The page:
Nepal

Nepali film does not have a very long film history, but the industry has its own place in the cultural heritage of the country. It is often referred to as 'Nepali Chalchitra' (which translates to "Nepali films" in English). The terms Kollywood and Kallywood are also used, as a portmanteau of "Kathmandu" and "Hollywood"; "Kollywood" however is more frequently used to refer to Tamil cinema. Chhakka Panja has been considered the highest-grossing film of all time in Nepali film industry and Kohinoor the second highest. The Nepali films The Black Hen (2015) and Kagbeni (film), Kagbeni (2006) received international acclaim. The Nepali feature film White Sun (Seto Surya) received the Best Film award at the 27th Singapore International Film Festival (SGIFF) in 2016.


History

Les frères Lumière released the first projection with the Cinematograph, in Paris on 28 December 1895. The French film industry in the late 19th century and early 20th century was the world's most important. Auguste and Louis Lumière invented the cinématographe and their L'Arrivée d'un train en gare de La Ciotat in Paris in 1895 is considered by many historians as the official birth of cinematography. The first feature film to be made was the 1906 Australian silent ''The Story of the Kelly Gang'', an account of the notorious gang led by Ned Kelly that was directed and produced by the Melbourne, Melburnians Dan Barry and Charles Tait (film director), Charles Tait. It ran, continuously, for eighty minutes. In the early 1910s, the film industry had fully emerged with D.W. Griffith's ''The Birth of a Nation''. Also in the early 1900s motion picture production companies from New York and New Jersey started moving to California because of the good weather and longer days. Although electric lights existed at that time, none were powerful enough to adequately expose film; the best source of illumination for movie production was natural sunlight. Besides the moderate, dry climate, they were also drawn to the state because of its open spaces and wide variety of natural scenery.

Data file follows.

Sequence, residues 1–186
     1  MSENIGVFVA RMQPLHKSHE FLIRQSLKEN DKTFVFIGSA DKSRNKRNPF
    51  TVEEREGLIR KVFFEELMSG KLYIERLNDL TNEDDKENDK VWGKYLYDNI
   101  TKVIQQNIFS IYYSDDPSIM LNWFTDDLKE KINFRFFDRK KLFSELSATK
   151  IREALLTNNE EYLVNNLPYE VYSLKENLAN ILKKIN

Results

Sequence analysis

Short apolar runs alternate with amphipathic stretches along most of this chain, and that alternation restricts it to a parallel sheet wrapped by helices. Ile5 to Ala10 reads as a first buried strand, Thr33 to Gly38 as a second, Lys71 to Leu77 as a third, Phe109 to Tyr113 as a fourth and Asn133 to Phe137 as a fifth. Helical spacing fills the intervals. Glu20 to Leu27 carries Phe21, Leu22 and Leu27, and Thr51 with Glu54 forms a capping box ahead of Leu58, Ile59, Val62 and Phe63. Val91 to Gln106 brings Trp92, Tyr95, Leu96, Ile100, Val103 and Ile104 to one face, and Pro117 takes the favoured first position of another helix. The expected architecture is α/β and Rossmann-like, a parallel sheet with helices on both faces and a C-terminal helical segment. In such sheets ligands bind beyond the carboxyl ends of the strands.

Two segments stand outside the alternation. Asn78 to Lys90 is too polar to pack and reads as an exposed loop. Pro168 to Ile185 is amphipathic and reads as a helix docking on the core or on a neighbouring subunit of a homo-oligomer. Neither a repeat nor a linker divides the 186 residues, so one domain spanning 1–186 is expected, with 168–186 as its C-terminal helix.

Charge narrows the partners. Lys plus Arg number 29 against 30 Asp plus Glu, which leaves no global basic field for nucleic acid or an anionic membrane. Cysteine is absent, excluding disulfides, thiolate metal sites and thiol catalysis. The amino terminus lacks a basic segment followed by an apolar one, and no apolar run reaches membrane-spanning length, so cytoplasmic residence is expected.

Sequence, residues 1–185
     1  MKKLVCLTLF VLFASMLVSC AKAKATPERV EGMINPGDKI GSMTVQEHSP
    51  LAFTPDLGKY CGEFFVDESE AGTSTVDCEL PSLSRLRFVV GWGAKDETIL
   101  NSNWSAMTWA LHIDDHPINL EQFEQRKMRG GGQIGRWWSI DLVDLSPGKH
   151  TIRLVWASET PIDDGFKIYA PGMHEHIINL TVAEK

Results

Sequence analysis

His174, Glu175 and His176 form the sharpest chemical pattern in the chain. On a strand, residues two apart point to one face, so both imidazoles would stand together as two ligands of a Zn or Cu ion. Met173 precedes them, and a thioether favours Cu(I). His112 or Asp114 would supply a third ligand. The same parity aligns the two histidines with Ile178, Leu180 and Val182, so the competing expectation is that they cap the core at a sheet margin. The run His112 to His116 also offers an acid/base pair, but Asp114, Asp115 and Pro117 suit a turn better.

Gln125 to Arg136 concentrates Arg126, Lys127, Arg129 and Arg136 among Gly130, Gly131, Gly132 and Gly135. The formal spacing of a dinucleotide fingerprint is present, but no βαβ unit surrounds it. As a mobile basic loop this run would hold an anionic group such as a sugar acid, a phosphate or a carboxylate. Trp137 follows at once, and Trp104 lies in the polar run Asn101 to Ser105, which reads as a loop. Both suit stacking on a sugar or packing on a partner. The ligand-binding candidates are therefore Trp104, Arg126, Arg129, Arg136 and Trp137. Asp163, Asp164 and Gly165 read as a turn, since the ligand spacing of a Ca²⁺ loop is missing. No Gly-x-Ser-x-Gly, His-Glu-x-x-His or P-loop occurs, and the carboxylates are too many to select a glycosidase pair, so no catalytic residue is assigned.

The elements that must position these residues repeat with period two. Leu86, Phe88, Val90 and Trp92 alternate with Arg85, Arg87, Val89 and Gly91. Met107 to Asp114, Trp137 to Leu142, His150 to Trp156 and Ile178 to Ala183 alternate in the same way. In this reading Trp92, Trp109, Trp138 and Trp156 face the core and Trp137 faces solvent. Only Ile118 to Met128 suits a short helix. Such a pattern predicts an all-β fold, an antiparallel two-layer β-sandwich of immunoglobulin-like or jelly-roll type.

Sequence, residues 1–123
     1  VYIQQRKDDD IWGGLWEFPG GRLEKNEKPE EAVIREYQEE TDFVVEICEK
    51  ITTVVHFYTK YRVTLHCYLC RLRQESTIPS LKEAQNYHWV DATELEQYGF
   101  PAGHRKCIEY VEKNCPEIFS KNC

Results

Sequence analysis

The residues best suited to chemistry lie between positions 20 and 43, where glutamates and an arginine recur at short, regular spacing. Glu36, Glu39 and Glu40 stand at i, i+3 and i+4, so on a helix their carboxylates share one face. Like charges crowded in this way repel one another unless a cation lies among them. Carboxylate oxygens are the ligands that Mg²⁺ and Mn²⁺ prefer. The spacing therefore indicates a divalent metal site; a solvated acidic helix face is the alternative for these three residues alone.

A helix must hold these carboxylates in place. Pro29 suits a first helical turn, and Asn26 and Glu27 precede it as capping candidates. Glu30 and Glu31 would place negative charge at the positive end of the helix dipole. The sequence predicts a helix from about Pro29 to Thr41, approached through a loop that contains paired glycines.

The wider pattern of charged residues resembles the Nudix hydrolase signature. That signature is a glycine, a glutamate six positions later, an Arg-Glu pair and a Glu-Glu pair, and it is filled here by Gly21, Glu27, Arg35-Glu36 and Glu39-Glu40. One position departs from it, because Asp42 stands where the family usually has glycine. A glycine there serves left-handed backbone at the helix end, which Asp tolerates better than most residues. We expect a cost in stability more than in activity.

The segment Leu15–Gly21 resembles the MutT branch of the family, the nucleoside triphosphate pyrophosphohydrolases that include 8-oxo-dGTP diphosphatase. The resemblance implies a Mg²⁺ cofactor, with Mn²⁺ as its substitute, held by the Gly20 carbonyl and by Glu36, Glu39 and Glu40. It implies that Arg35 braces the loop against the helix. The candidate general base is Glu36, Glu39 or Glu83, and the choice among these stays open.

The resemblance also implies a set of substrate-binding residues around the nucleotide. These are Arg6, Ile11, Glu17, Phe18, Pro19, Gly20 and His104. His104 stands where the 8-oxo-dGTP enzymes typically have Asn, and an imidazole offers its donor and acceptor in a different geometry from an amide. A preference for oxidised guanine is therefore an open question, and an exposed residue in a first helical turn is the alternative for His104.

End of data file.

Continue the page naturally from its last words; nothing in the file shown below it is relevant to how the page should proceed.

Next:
Hollywood

The first movie studio in Hollywood area, Nestor Studios, was founded in 1911 by Al Christie for David Horsley. Other